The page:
Have you ever created a SQL Server login and left 'Enforce password policy' checked by mistake?

Getting the exception 'Login failed for user ApplicationUser.  Reason: The password of the account must be changed.' when you're not expecting it is a sure sign someone forgot to untick the password policy checkboxes when they created your application user

There are three little checkboxes that are ticked by default when creating a user through the SQL Server Management Studio user interface:

  • Enforce password policy
  • Enforce password expiration
  • User must change password at next login

These map to the options CHECK_POLICY=ON, CHECK_EXPIRATION=ON and PASSWORD=N'xxxxxxx' MUST_CHANGE respectively if you're creating the user via script. The problem/issue with them is that they're blocking to the application and, if switched on in error, not something you want left switched on. With MUST_CHANGE switched on you'll see this exception when code tries to connect to SQL Server:

An unhandled exception of type 'System.Data.SqlClient.SqlException' occurred in System.Data.dll

Additional information: Login failed for user 'ApplicationUser'.  Reason: The password of the account must be changed.

The quickest way to correct this is to run the following script (with a user that has rights to do so, that isn't your application user!):

ALTER LOGIN [ApplicationUser]

ALTER LOGIN [ApplicationUser]

If you think, hang on, the second script's just an extended version of the first one and then try to run just that, unfortunately that doesn't work and you'll see the message:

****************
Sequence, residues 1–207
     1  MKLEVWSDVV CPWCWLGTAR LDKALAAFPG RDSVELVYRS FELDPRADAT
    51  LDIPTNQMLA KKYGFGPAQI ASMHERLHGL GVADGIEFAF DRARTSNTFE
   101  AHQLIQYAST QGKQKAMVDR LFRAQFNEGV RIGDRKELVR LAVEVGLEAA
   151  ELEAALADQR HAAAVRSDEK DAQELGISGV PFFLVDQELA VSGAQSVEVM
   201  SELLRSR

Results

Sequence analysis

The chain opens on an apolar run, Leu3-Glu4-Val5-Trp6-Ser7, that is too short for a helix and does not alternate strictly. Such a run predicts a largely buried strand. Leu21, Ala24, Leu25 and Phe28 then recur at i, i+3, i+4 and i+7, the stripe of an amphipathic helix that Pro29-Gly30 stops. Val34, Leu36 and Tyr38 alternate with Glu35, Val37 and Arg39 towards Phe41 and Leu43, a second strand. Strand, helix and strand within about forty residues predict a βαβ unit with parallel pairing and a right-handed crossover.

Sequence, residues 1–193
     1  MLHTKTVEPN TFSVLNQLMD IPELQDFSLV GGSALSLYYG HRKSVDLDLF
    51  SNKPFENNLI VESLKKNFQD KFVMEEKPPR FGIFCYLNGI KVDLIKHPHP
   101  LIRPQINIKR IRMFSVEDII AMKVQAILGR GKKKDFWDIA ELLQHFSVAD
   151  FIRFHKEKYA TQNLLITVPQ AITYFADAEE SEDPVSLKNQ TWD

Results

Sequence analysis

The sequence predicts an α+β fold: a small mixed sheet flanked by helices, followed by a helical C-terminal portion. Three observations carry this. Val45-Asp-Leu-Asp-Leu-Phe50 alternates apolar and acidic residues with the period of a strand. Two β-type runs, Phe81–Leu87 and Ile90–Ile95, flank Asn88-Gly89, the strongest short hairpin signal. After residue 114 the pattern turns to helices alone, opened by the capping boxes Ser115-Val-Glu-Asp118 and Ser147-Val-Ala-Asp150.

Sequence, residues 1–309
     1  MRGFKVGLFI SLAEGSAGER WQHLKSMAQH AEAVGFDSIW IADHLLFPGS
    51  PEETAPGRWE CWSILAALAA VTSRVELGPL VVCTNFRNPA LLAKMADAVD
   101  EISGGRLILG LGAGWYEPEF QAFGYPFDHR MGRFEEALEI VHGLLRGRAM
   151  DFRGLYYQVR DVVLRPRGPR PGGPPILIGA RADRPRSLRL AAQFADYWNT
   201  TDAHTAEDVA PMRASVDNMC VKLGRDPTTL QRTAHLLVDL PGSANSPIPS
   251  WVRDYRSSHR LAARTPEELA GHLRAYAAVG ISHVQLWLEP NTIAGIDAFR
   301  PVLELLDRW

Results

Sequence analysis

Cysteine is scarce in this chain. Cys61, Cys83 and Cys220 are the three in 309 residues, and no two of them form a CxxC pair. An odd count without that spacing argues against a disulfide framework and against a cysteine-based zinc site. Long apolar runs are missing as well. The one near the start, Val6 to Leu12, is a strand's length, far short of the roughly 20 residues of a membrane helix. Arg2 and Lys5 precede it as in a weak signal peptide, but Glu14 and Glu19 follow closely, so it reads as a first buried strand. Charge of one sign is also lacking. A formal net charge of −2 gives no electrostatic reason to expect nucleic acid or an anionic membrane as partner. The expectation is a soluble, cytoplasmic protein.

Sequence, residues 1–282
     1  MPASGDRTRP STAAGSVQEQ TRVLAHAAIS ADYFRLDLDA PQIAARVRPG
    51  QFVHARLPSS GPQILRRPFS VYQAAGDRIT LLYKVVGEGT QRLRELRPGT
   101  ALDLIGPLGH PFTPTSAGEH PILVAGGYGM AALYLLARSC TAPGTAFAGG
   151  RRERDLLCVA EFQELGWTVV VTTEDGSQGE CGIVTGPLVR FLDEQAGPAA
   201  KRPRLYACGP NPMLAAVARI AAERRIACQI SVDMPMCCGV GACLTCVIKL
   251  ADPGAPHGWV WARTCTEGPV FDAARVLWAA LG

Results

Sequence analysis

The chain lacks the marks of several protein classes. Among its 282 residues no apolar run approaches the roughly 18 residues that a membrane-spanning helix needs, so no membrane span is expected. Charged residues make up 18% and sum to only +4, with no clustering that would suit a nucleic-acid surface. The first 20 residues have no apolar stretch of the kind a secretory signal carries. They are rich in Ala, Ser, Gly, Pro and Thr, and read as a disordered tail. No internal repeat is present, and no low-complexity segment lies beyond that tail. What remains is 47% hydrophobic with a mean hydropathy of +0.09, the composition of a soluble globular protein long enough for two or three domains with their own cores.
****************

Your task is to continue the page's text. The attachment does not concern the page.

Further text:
Msg 15128, Level 16, State 1, Line 2
The CHECK_POLICY and CHECK_EXPIRATION options cannot be turned OFF when MUST_CHANGE is ON.

Because the current passsword is se to require a change on first login, this blocks changing the policy associated with the login.

If you don't have another user you can use to run the above script (e.g. your DBA's gone home for the day and you need to un-block the app and worry about CHECK_POLICY and CHECK_EXPIRATION later) then you can use SQL Server Management Studio to login as your application user and you'll get prompted with:

Changing password for a user with MUST_CHANGE set via the SQL Server Management Studio user interface

Depending on the policy that's been set (SQL Server uses the password policy applied to the machine it's running on) you may even be able to get away with using the same password, which is great if you were explicit when requesting the password that was set, perhaps because it's specified in approximately 1,000,000 coinfiguration files for the application in question. Not that that ever happens, right?

About Rob

I've been interested in computing since the day my Dad purchased his first business PC (an Amstrad PC 1640 for anyone interested) which introduced me to MS-DOS batch programming and BASIC.

My skillset has matured somewhat since then, which you'll probably see from the posts here. You can read a bit more about me on the about page of the site, or check out some of the other posts on my areas of interest.

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